The distribution sector is the target of several new provisions:
- The organisation of commercial distribution networks
- The Macron Law will regulate the duration of the affiliation contracts binding retail stores to a distribution network so that retailers have more freedom to choose who they affiliate with. All affiliation contracts binding the retail business to a distribution network shall now have a common term in order to enable the retail business to switch to another distribution network if desired. The limitation of the duration of affiliation agreements to nine years maximum, adopted after the first reading by the National Assembly, was finally abandoned. This provision was approved by the Constitutional Council, which does not consider that it creates a manifestly disproportionate interference with the freedom to contract and the right to enforce legally concluded agreements.
- The commercial relationship between a supplier and a wholesaler will be governed by a written agreement fixing the prices resulting from commercial negotiation. This agreement may take the form of either of a single document or a set consisting of a framework agreement and implementation agreements. This agreement must contain certain mandatory provisions. The formalisation of this new obligation for the wholesale trade is inspired by the existing legal provisions on the obligation to conclude a single agreement in relations between suppliers and retailers or service providers, but is not as strict.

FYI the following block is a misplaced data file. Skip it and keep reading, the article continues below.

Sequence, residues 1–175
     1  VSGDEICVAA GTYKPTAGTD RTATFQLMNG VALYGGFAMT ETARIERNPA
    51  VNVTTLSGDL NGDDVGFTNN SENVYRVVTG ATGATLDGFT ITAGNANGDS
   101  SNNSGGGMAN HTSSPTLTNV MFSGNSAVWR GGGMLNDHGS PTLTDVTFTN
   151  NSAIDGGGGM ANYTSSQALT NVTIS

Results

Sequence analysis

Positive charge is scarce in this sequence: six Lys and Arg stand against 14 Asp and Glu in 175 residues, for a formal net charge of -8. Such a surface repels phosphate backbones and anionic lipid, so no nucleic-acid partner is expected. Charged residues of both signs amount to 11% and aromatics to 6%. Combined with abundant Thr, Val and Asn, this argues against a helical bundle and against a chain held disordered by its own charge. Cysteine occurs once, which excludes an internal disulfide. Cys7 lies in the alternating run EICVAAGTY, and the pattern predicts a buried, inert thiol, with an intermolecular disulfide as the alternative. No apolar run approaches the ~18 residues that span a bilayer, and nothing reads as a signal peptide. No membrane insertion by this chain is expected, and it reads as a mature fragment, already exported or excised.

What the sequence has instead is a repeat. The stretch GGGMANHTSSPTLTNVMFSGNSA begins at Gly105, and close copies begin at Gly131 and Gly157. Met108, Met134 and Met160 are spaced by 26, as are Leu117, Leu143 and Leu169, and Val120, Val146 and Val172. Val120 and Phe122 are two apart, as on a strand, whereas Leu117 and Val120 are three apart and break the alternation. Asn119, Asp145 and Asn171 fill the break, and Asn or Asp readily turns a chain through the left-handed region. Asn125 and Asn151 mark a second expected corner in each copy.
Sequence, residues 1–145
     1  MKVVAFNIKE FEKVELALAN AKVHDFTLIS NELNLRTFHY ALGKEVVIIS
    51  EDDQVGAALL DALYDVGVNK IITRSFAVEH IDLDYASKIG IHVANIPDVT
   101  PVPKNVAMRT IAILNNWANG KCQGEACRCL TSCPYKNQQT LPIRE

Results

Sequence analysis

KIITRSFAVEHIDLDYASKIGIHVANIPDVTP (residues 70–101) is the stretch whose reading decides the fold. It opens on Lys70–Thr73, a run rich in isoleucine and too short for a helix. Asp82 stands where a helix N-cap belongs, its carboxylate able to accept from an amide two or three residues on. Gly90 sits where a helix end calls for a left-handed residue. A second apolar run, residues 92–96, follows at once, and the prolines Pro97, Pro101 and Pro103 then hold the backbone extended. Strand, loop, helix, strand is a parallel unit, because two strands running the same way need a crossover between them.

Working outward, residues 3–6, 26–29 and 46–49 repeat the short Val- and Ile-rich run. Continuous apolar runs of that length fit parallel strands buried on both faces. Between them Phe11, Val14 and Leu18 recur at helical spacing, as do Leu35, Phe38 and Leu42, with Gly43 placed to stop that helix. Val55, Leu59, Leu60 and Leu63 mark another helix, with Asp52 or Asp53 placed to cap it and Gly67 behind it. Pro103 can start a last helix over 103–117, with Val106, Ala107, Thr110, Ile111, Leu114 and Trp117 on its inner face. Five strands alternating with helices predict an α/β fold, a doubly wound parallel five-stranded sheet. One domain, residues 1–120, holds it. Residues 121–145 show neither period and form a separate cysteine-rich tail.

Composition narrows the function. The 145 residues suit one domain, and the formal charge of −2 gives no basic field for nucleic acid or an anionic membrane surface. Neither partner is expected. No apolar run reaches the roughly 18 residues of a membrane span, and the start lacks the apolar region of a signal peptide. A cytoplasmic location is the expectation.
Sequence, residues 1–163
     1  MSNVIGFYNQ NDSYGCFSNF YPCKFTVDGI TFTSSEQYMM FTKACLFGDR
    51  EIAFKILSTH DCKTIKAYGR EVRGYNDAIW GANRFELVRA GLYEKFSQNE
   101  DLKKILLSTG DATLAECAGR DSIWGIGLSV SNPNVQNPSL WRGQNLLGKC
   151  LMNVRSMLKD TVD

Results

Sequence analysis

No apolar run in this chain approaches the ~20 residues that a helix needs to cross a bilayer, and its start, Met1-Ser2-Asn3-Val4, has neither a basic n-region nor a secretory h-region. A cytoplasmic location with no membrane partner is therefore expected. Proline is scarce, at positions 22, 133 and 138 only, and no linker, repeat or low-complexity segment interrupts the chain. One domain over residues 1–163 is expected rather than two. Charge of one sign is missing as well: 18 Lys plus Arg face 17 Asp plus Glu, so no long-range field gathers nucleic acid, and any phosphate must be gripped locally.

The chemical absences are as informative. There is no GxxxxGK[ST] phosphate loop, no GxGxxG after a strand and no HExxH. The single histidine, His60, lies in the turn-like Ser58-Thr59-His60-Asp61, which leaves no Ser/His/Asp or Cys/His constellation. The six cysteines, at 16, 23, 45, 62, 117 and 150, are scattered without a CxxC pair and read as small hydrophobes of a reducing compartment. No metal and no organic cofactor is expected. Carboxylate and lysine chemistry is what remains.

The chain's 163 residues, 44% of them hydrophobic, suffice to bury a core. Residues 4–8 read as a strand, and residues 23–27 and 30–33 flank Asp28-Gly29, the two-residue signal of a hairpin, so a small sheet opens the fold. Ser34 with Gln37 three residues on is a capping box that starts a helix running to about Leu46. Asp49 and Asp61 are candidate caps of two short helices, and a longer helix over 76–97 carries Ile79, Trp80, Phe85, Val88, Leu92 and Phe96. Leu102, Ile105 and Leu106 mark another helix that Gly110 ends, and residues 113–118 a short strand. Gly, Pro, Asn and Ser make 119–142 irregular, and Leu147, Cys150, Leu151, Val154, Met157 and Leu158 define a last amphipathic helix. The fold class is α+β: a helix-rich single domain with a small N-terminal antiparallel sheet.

- Following the FCA's Opinion No 15-A-06 of March 31st, 2015, co-operation agreements between retailers from different distribution networks shall be communicated to the FCA two months before their conclusion, provided that the aggregate turnover of the undertakings concerned by the agreement exceeds certain thresholds set by decree.
- The extension of mandatory payment terms
- The maximum payment term shall be set at "sixty days" from the date of issue of the invoice - this payment term being the maximum payment term under ordinary law. The payment term of "forty-five days end of month" becomes an exception and subject to contract, provided it is not abusive. Exceptions to the maximum payment term may be provided in certain seasonal sectors, which will be set by a decree.
- Increase of the fining threshold relating to restrictive practices
- If restrictive commercial practices are discovered, the civil fine (sudden termination of established commercial relations, subjecting a business partner to a significant contractual imbalance etc.) provided for under article L.442-6 of the French Commercial Code, which was previously capped at a maximum of €2m, has been raised to a maximum amount equivalent to 5% of the French turnover. This civil fine is in addition to the damages which may be ordered by the Court upon request of the victim of the restrictive commercial practices.
The Macron Law has been designed to improve consumers' access to both information and legal assistance if required:
- Dual display of prices
- Retailers are permitted to display dual prices for the same product proposed for sale (a "usual price" and the sale price).
- Associations' support for individual damages actions
- The Macron Law grants consumers' associations the right not only to intervene in proceedings brought by a consumer against a professional party, but also to join as parties in a civil action for damages introduced by a consumer.